948 Issue No. 7 : Whether the defendant No. 1 proves that suit premises were leased to him at annual rent of Rs. 255.36 ps.?

The Trial Court held with regard to Issue No. that at the time of purchases there was ground floor and first floor to the suit premises. The defendant were in possession of shop Nos. 81 to 83 on the eastern side and on the western side of the ground floor shops bearing Nos. 89 to 91 were in possession of the brother of the plaintiff's husband, Kanhyalal Mutha were he had been running a provision store since the last 13 years.

The family of Amritlal Mutha, i.e. husband of the plaintiff considered of his wife, his 3 children, the eldest son aged about 16 years was studying in the 12th standard in the year 1981. His second son aged about 13 years was in 7th standard and 3rd son in 3rd standard in the year 1981. The plaintiff had been residing on the first floor of the suit premises, which consisted of 4 rooms, first one bed room towards west admeasuring 7 fts. x 12 fts. and next room kitchen admeasuring 7 fts. x 11 fts. and 3rd room admeasuring 7 fts. x 11 fts. which is used for the studies of the children. One other room admeasuring 15 fts. x 15 fts. was used as a bed room. It has been found that first floor premises is not sufficient for his office purposes because he requires at least 25 fts. x 30 fts. area for the purpose of office in order to keep the records and for the sitting arrangement for his clients and also for his cabin. It has further been found that the ground floor shop Nos. 89 to 91 adjacent to the suit premises is not available for the plaintiff's husband for opening his office as Kanhyalal Mutha, brother of the plaintiff's husband, has been running there Mutha Provision Store for the last about 15 years, the evidence of Amritlal is also consistent with the evidence of Kanyalal Mutha on this point. The Trial Court therefore, found that as the plaintiff has no other accommodation at Ahmednagar except the suit premises and the partnership of the plaintiff's husband with S.B. Gnadhi has been dissolved, the plaintiff reasonably requires the suit premises for the purpose of opening of office of her husband as Tax Consultant. The demand of the plaintiff is therefore, reasonable and bona fide. It was also found that the defendant No. 1 was in possession of a number of premises which are near the suit premises and the defendants were carrying on the hosiery business in those premises under the name and style of `Liberty Dresses' and `Madura Stores'. It has been further held that the defendant No. 1 was shown as partner in the firm M/s Vohra and Company, 94/97 Budhwar Peth, Pune 2, and the residence of defendant No. 1 is known as Krishnakripa, Mukund Nagar, Pune-9 where the suit summons were served on the defendant No. 1. It was 949 also found that it was evident from exhibit 105 that the son of defendant No. 1 and wife of son of defendant No. 1 are the partners in M/s Ashok and Company and both are residing at 7/3-C-Vanshree Apartment, Rambag Colony, Sadashiv peth.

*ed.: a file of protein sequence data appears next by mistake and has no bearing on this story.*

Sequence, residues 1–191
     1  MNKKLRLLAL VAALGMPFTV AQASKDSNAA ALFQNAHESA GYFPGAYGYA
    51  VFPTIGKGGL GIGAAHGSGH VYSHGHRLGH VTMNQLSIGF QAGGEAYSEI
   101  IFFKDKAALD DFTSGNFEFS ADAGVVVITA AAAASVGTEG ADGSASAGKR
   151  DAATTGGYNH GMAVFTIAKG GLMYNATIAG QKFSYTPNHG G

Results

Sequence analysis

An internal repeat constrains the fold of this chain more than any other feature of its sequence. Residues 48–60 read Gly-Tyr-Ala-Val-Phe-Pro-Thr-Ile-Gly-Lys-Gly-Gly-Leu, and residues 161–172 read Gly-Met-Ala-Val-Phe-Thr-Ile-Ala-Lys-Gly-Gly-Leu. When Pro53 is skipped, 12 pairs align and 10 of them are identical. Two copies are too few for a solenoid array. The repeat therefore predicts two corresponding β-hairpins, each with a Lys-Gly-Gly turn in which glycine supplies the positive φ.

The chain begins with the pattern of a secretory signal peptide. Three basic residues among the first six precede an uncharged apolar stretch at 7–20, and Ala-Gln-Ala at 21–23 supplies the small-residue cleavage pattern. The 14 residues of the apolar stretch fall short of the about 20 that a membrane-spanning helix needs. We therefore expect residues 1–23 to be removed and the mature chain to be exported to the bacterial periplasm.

It has also been found that the defendant No. 1 has admitted in his cross-examination that he has vacated his residential premises at Ahmednagar and he is in search of other residential accommodation. It was, therefore, held that the plaintiff has proved his bona fide requirement of the suit premises and thus issue No. 3 had been decided in the affirmative.

As regards Issue No. 4, the Trial Court held that except the suit premises and first floor on it, no other premises was available to the plaintiff at Ahmednagar. The Trial Court held further that the first floor premises is not suitable for the plaintiff's husband to open his office and greater hardship will be caused to the plaintiff if the suit premises be not handed over to the plaintiff than by denying him the vacant possession of the suit premises. Issue No. 4 was thus held in favour of the plaintiff. It was further held that the suit premises were properly described in the plaint.

As regards Issue Nos. 2 and 7 it was held that the defendant No. 1 is a monthly tenant and the monthly rent in respect of such premises is Rs. 21.28 ps. plus education cess Rs. 2.55 ps. i.e. Rs. 23.83 ps. It was also held that the tenancy commenced from the first day of every month and ended on last day of the same month as per the English calendar. The Trial Court held that the defendants failed to prove that the suit premises were leased to them at annual rent of Rs. 255.36 and hence that issue was decided against the defendants. The defendants were also to be held as defaulters as the deposits of rent were not made within the meaning of Section 12(3)(a) and 12(3)(b) of the Rent Act.

The Trial Court thus decreed the suit and directed the defendants to hand over vacant possession of the suit premises within one month of the date of order.

Against the said Judgment and decree, the defendant No. 1 Nalin Narsi Vohra filed an appeal being Regular Civil Appeal No. 430 of 1985 in the court of Addl. Distt. Judge, Ahmednagar, The learned Additional District Judge held that the Trial Court was right in holding that the defendant No. 1 was paying the rent monthly and he was a monthly tenant.

It was further held that there are no arrears for the statutory period in order to hold that the defendants are defaulters for which their tenancy is liable to be determined. As such the Addl. District Judge found against the plaintiff holding that the defendants 950 had not defaulted in payment of rent and there could not be any decree of ejectment on this ground. The learned Addl.